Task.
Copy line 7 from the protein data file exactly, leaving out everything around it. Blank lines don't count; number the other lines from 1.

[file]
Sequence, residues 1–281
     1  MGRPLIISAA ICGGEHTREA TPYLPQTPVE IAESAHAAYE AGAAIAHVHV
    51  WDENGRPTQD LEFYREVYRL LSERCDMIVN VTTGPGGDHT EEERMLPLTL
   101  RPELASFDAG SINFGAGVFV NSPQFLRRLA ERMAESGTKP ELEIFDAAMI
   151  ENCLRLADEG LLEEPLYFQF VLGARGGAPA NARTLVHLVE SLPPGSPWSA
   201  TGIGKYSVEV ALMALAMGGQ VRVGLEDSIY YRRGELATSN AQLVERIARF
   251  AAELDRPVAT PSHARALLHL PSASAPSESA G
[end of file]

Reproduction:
   251  AAELDRPVAT PSHARALLHL PSASAPSESA G